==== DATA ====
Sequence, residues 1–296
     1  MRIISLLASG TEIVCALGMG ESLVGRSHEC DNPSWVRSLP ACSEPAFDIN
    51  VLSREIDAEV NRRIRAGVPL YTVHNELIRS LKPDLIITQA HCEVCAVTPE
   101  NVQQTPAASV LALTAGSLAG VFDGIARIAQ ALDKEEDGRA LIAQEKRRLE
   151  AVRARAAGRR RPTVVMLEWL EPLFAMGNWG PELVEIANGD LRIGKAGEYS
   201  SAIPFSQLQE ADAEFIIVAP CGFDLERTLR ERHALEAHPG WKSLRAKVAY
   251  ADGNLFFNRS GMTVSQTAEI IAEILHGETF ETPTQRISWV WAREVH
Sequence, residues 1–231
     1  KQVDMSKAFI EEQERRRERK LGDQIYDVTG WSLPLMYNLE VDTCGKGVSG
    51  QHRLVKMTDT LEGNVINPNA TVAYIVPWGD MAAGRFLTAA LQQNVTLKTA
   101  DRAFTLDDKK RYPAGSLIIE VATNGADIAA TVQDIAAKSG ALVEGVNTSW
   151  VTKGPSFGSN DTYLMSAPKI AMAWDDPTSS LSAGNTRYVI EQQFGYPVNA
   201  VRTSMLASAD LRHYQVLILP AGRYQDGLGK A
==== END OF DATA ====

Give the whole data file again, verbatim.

Sequence, residues 1–296
     1  MRIISLLASG TEIVCALGMG ESLVGRSHEC DNPSWVRSLP ACSEPAFDIN
    51  VLSREIDAEV NRRIRAGVPL YTVHNELIRS LKPDLIITQA HCEVCAVTPE
   101  NVQQTPAASV LALTAGSLAG VFDGIARIAQ ALDKEEDGRA LIAQEKRRLE
   151  AVRARAAGRR RPTVVMLEWL EPLFAMGNWG PELVEIANGD LRIGKAGEYS
   201  SAIPFSQLQE ADAEFIIVAP CGFDLERTLR ERHALEAHPG WKSLRAKVAY
   251  ADGNLFFNRS GMTVSQTAEI IAEILHGETF ETPTQRISWV WAREVH
Sequence, residues 1–231
     1  KQVDMSKAFI EEQERRRERK LGDQIYDVTG WSLPLMYNLE VDTCGKGVSG
    51  QHRLVKMTDT LEGNVINPNA TVAYIVPWGD MAAGRFLTAA LQQNVTLKTA
   101  DRAFTLDDKK RYPAGSLIIE VATNGADIAA TVQDIAAKSG ALVEGVNTSW
   151  VTKGPSFGSN DTYLMSAPKI AMAWDDPTSS LSAGNTRYVI EQQFGYPVNA
   201  VRTSMLASAD LRHYQVLILP AGRYQDGLGK A